Over the last two years, MGNREGA has become more focussed towards creation of productive community and individual assets, mainly related to agriculture and allied activities, although works related to rural connectivity are still taken up in large number, as there is a high demand for RCC road, footpath and pavement. A total of 1 lakh 81 thousand works in J&K and 4 thousand in Ladakh have been completed during FY 2019-20 to FY 2020-21 (upto July). Community ponds, storm drain, RCC road, culvert, construction and renovation of kulh/canal have been undertaken in large numbers in both the UTs. In Jammu and Kashmir alone, around 35 thousand water conservation and water harvesting works, 41 thousand micro irrigation works, 87 thousand flood control and flood protection works and 41 thousand land development works have been completed in 2019-20 and in 2020-21 upto July. In Ladakh, around 500 water conservation and water harvesting works, 5 thousand micro irrigation works, 700 Flood Control and flood protection works and 3 thousand land development works have been completed during the same period.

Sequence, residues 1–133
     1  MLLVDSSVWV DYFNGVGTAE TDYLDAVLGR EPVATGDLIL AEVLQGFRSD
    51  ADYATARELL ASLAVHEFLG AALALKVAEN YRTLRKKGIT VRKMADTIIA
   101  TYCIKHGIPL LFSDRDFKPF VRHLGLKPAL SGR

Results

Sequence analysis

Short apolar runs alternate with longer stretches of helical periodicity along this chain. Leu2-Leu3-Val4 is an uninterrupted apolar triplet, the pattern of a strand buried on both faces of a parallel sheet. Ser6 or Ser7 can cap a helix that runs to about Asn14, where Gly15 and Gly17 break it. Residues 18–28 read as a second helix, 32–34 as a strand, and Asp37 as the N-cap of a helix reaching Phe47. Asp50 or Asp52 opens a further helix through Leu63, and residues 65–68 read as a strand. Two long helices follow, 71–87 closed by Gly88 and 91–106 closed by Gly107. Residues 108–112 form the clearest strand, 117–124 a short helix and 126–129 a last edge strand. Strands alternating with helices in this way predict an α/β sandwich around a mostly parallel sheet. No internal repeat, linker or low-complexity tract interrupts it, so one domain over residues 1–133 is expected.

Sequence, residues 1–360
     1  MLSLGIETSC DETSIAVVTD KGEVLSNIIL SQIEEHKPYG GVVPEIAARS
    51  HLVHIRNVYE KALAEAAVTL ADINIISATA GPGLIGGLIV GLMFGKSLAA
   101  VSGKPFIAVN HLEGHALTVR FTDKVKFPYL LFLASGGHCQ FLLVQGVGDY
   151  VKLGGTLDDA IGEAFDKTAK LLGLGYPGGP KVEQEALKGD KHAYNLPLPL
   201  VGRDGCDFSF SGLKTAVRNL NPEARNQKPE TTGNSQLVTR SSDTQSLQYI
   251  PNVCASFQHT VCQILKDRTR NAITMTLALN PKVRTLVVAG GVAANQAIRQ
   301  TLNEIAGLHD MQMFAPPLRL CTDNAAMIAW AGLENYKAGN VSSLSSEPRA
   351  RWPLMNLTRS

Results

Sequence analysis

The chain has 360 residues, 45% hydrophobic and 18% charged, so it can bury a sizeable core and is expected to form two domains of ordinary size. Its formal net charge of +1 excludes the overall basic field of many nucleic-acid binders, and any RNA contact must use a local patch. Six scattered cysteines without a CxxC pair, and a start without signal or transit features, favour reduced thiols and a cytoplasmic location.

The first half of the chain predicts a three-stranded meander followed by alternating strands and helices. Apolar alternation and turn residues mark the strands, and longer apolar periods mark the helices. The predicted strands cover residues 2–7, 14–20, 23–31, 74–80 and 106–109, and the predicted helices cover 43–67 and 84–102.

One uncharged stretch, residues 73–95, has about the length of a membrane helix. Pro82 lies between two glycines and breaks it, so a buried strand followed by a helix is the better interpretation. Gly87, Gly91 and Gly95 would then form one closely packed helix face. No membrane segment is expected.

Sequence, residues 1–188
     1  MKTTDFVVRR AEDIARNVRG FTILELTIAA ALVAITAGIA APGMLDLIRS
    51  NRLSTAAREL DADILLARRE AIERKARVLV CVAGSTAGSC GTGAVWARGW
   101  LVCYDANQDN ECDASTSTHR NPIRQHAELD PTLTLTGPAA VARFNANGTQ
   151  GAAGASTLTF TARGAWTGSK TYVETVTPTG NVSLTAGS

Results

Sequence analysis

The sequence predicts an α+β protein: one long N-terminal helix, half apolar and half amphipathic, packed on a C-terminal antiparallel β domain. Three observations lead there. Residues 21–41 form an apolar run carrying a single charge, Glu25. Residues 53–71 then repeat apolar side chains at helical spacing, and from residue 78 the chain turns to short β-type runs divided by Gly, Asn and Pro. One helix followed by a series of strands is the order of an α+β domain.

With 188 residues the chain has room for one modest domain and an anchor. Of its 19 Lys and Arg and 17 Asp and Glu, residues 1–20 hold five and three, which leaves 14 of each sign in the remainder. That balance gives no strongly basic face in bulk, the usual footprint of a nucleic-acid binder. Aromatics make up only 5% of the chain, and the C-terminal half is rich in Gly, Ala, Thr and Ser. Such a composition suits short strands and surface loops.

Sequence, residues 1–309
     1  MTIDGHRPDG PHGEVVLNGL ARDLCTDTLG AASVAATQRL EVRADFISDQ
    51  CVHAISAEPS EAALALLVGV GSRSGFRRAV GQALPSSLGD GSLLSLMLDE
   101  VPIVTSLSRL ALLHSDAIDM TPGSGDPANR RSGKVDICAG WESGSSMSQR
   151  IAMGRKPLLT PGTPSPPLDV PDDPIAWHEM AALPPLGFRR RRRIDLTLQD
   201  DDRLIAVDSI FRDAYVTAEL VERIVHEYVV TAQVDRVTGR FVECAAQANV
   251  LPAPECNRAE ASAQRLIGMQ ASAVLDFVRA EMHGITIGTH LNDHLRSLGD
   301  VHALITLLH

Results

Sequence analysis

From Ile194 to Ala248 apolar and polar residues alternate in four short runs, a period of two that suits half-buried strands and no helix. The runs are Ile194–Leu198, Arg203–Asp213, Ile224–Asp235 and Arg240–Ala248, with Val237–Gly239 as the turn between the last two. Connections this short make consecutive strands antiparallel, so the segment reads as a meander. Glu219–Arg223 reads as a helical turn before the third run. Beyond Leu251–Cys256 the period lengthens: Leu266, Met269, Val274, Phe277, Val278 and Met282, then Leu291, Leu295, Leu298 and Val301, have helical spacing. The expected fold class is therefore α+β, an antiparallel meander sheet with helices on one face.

Agriculture and horticulture are the life line of rural population, especially in the Kashmir valley. However, for years, there was little investment in irrigation. Many of the traditional water bodies, especially Kulh, a kind of irrigation channel, had become dead. After the election of the Panchayat, PRI representatives started responding to the local demand and utilized MGNREGA funds in a big way to fulfil them. Renovation of kulh is one of them.